The great Western Lake country with which the proposed road will unite us, contained, in 1810, a PHILADELPHIA, Nov. 6, 1851. population of only 272,000. The five States which The number carried last year was.... Esteemed Friend :-In reply to thy note of yes have been tormed out of the Northwest Territory, Difference in favor of this year.. terday, it affords me pleasure to state that the char-bordering on the lakes, now number a population Making an increase in the whole number of ter of the company, which is one of the most liberal of four millions and a half: being 50 per cent more through and way passengers of about 20 per cent. ever granted by the Legislature of Pennsylvania, than the entire population of the United States at It appears from these figures that the business of authorises the construction of a railroad from Sun- the time of the Declaration of Independence. the road has sustained the same regular increase bury to Erie, a distance of 256) miles. The territory embraced between the Ocio river during the present year, which has characterised it and the lakes, from the western boundary of Penn- from the commencement; and which we have reasylvania to the Upper Mississippi, containing son to believe will be continued for some years to about 180 millions acres of arable land, measures come, by the growth of the country, the developeThis accomplished, will form, in connection with 280,000 square miles, being nearly twice as large ment of its resources, and the extension of railtheCattawissa," "Little Schuylkill" and Read- as France, and about six times as large as the roads. The slight addition to the running expensing roads, a continuous chain of railroads from Phil- whole of England. es of this year over the last, on the other hand, adelphia to Erie, without transhipment. The trade of the lakes, with which we seek a di- amounts to a sensible reduction, it viewed in conThe entire roule is within the State of Penneyl-rect connection, in the aggregate of foreign and do- nection with the increased business carried over vania mestic imports and exports at the several ports, the road. The increase of the net earnings therelargely exceeds $200,000,000 per annum. fore, is not only very satisfactory in itself, but bears The present avenues of travel between the lakes with it the evidence of a healthy growth, which afand the seaboard, are not only all doing a profitablefords assurance of its probable permanency. business, but they are entirely inadequate to the Under these circumstances, the board have been prompt and satisfactory execution of the business enabled to declare the usual dividend of five per already offering. cent, payable in stock, and to reserve out of their I have thus hastily thrown together some of the profits a surplus of $134,121 15-a result which facts and reasons which we think should induce we trust will be satisfactory to our stockholders. the citizens of Pennsylvania to furnish the means We indulge the confident hope that all future divifor building the Sunbury and Erie railroad. and dends will be made payable in cash, and with this thus open a connection with the lakes shorter and cheaper than any now in existence or projected. With this, I also send some statements and tables showing~~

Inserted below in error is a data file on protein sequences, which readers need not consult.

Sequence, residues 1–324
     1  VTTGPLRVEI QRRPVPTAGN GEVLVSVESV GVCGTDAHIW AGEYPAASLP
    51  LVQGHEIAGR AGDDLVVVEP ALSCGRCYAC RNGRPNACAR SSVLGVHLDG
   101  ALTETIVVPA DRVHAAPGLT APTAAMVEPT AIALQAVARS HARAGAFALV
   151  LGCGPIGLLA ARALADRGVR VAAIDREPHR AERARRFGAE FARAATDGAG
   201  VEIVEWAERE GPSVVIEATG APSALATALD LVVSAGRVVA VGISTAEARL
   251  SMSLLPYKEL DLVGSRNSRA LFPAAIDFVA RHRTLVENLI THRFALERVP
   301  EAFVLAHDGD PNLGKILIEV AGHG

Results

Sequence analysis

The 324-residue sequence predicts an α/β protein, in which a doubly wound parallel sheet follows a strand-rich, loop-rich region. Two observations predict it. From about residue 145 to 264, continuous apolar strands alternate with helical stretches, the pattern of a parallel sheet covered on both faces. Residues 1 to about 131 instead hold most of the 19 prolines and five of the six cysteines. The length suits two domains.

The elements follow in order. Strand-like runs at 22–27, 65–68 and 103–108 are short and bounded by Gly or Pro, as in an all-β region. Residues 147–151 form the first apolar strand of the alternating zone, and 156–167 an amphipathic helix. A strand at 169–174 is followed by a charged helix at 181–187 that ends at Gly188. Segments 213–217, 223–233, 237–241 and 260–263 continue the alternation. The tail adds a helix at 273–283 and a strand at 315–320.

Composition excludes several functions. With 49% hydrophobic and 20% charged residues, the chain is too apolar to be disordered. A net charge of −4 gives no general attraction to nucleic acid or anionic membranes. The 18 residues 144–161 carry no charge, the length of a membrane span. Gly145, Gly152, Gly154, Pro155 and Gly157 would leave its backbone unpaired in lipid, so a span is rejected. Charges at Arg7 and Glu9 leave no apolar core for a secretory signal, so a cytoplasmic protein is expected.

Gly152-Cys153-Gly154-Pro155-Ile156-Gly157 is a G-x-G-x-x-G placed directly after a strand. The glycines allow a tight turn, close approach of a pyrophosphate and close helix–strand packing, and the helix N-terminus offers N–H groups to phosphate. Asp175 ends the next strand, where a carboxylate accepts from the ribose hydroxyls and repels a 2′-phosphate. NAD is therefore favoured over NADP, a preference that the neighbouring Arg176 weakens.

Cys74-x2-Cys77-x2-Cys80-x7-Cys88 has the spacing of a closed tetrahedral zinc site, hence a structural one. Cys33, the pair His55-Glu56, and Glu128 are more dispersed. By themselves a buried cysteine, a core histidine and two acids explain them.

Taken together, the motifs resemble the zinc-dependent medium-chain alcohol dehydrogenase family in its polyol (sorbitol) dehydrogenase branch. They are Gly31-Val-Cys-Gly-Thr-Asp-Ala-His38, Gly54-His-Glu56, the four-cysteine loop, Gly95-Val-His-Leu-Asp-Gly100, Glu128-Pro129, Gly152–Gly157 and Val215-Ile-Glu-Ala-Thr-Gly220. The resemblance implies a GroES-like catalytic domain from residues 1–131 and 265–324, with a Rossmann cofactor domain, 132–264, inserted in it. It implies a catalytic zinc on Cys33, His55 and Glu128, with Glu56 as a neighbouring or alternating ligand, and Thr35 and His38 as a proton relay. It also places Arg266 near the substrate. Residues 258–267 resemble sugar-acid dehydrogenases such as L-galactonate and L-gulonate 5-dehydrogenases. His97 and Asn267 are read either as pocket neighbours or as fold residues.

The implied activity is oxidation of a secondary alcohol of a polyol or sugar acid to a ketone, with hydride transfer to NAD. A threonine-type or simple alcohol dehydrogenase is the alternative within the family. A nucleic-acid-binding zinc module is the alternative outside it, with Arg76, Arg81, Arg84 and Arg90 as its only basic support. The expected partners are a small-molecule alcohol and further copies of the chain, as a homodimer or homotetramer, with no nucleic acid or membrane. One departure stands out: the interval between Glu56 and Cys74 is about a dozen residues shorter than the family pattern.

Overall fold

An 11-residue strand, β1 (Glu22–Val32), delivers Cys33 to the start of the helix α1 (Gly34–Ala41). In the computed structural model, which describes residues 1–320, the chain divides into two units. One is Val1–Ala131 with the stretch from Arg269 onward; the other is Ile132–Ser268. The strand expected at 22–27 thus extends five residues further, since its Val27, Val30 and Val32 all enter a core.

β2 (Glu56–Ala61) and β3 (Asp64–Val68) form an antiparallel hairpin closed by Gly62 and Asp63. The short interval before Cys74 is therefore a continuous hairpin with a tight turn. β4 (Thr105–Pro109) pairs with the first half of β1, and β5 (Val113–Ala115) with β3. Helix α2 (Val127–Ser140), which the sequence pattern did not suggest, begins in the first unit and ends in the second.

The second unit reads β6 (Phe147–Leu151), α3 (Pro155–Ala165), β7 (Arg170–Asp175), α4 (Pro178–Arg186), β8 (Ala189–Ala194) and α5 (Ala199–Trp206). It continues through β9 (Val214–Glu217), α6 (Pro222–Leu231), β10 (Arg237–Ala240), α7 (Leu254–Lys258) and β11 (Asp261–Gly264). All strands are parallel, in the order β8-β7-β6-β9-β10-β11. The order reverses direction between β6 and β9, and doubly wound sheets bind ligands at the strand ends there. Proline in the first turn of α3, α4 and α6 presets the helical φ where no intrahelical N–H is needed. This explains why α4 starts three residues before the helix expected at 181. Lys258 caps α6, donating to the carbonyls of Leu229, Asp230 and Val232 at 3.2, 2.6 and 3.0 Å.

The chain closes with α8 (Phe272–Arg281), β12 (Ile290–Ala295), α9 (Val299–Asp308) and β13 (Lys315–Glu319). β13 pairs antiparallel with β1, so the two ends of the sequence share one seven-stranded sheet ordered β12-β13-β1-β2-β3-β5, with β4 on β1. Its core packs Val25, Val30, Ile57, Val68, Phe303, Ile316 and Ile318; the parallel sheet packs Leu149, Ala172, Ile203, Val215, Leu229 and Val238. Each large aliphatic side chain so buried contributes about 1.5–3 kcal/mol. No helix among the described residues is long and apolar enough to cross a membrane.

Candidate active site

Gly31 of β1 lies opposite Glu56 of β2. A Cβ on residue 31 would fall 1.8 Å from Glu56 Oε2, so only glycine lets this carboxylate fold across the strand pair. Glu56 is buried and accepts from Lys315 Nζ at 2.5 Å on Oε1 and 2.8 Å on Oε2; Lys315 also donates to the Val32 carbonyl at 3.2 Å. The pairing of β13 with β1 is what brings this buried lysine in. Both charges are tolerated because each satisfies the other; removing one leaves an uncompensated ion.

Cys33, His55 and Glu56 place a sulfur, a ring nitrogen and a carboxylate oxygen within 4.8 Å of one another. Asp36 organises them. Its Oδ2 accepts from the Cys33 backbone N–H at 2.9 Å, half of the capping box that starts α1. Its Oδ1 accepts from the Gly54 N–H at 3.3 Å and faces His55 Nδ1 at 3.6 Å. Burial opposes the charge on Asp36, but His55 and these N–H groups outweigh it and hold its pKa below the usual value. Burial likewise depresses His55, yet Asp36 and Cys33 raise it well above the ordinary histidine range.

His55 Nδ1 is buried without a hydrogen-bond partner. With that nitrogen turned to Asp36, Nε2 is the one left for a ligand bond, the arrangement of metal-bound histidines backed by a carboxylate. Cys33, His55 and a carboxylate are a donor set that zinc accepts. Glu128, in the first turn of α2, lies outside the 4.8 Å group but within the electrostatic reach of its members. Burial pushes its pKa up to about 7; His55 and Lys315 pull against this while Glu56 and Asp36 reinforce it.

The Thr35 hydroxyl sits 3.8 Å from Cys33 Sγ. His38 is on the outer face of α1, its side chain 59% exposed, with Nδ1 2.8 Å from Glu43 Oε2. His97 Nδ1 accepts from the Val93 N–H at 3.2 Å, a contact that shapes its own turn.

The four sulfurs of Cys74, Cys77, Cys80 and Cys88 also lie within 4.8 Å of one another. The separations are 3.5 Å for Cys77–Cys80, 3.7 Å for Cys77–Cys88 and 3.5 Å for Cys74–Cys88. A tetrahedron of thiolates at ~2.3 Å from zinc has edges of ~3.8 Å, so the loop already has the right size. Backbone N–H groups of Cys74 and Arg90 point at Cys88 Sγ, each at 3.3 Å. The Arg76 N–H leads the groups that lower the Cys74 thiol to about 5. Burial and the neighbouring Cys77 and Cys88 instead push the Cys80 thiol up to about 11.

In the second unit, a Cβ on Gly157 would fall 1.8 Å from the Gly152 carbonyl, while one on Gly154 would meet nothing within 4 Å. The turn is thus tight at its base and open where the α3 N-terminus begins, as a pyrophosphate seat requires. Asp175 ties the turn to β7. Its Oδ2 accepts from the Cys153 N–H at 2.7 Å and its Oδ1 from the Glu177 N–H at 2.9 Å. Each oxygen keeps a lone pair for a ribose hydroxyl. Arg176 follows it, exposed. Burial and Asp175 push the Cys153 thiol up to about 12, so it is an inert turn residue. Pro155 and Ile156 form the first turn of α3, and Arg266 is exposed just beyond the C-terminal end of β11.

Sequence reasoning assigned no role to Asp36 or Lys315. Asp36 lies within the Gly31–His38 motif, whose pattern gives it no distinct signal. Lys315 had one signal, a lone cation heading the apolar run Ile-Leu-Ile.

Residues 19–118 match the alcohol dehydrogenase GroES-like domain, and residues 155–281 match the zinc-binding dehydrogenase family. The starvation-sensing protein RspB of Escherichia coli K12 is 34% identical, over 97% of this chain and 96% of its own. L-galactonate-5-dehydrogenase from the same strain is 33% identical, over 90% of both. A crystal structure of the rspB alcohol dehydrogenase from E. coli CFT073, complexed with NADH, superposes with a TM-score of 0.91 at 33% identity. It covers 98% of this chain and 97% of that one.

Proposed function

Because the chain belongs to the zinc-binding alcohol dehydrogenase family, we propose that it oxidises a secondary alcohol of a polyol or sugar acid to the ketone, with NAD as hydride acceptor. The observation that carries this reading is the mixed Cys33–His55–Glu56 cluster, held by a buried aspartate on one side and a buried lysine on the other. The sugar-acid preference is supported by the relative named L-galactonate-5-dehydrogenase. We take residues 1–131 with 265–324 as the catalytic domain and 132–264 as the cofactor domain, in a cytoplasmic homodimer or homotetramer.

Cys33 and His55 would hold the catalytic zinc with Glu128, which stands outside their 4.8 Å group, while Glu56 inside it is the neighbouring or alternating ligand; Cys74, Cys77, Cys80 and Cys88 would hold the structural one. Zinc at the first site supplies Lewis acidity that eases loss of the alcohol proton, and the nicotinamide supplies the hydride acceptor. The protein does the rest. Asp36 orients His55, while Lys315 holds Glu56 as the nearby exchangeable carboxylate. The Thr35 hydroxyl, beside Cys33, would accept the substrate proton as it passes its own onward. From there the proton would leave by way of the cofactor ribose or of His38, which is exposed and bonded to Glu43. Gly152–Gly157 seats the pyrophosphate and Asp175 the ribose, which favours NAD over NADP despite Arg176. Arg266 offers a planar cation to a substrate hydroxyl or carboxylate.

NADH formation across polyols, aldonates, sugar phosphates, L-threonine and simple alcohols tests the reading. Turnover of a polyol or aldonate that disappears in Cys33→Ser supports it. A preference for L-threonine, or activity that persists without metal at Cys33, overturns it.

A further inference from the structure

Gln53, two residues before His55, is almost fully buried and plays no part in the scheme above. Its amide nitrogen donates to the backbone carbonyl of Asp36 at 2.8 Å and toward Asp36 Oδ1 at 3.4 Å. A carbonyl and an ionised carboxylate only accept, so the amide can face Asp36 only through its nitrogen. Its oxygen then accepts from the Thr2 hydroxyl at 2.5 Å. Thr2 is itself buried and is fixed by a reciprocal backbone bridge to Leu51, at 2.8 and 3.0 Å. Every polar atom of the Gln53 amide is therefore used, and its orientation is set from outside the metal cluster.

The distance is only 425 miles, being 80 miles nearer than to New York, and 193 miles nearer than to Boston.

The highest grade will be 52 8-10 feet to the mile, and that for only 8 miles.

We propose to pay interest on the instalments from the date of payment, in the same manner as is done by the Pennsylvania railroad company. The time necessarily required to complete the road will be short. We are informed, on the authority of the first engineering talent of the country, that no portion of the work need exceed two Fears in construction.

The cost of the road, graded and bridged for a

prospect in view, so desirable to the holders of our stock, I deem it a suitable time to recur to the recommendation contained in my report of December, 1848, namely, the adoption of a fixed rate of